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Landlords cannot evict tenants without fair warning, PJC brief asserts

January 31, 2018: When landlords believe that tenants have violated their lease and want to evict them before the end of a lease term, Maryland law has rules they must follow. These rules exist to protect tenants, providing a notice period before the landlord can file a breach of lease complaint. But landlords frequently disregard the law, and some courts go along with it.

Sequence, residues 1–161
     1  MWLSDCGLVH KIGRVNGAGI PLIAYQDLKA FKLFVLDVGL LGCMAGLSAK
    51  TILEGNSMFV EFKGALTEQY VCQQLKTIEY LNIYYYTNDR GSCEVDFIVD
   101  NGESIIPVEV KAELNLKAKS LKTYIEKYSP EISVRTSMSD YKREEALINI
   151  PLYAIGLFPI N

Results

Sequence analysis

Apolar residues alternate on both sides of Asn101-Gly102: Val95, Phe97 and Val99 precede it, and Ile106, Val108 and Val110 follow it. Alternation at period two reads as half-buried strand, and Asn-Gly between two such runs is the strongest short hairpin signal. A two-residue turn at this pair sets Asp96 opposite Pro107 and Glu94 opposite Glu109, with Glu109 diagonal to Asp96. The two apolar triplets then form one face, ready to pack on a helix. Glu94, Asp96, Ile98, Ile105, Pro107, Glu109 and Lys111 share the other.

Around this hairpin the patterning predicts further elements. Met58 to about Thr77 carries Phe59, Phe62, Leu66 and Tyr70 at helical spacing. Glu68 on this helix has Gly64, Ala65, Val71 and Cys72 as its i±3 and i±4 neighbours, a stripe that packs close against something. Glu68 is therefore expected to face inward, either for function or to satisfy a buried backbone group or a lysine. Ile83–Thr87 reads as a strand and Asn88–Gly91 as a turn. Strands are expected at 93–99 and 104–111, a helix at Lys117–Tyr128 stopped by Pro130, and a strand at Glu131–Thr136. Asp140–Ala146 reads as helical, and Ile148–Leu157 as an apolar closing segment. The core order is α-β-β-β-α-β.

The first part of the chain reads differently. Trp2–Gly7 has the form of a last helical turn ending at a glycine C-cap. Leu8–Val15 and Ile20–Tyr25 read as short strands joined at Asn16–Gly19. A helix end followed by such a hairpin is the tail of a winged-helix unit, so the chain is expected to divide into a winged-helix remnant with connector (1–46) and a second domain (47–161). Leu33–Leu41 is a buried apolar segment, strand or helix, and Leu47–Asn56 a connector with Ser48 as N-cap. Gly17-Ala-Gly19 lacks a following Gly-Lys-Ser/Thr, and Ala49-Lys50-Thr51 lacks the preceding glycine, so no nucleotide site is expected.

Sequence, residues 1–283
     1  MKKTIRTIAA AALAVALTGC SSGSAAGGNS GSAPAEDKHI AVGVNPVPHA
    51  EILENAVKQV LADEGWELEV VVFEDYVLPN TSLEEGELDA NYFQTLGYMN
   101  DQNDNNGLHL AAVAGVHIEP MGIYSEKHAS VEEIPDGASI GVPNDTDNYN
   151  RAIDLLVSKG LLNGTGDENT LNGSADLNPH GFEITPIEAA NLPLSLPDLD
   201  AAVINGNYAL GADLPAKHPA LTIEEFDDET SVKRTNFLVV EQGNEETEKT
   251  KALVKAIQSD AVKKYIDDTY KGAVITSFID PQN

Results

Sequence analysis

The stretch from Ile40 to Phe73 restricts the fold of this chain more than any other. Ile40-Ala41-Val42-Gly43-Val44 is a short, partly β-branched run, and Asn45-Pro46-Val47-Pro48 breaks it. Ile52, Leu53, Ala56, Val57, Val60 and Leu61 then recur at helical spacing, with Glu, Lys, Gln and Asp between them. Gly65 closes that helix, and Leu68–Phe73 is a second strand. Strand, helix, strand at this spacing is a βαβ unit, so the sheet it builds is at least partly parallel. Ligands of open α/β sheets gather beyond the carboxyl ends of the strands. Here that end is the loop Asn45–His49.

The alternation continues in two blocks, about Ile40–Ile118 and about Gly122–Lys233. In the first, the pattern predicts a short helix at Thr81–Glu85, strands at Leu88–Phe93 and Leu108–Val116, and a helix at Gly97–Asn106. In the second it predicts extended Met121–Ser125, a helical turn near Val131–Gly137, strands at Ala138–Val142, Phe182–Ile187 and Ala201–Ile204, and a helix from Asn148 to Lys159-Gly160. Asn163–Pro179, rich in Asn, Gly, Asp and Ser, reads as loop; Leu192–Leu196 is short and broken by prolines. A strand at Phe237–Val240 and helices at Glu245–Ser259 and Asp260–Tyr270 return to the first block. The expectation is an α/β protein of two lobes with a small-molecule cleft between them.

After two lower courts allowed the landlord of a Public Justice Center client to short-circuit the notice period, PJC housing attorney Zafar Shah filed a petition for writ of certiorari , asking the Court of Appeals of Maryland to take up the issue. The Court granted the request in November 2017, and the following month PJC Murnaghan Appellate Advocacy Fellow K’Shaani Smith filed a brief on behalf of the tenant. The brief argued that district and circuit court rulings often undermine tenant protections and provide an incentive for landlords to violate the law. Before filing a breach of lease complaint in District Court, the law requires the landlord to show three things: 1) that the tenant breached the lease, 2) that the landlord gave the tenant 30 or 14 days’ notice to vacate the premises (the time given depends on the nature of the alleged breach), and 3) that the tenant failed to comply with the notice. Despite clear language spelling out these requirements, lower courts have repeatedly determined that landlords do not need to meet the prerequisites before filing a complaint as long as they meet them sometime before trial. The PJC’s brief seeks to correct this interpretation so that tenants are not evicted without an adequate opportunity to prepare and other due process. 

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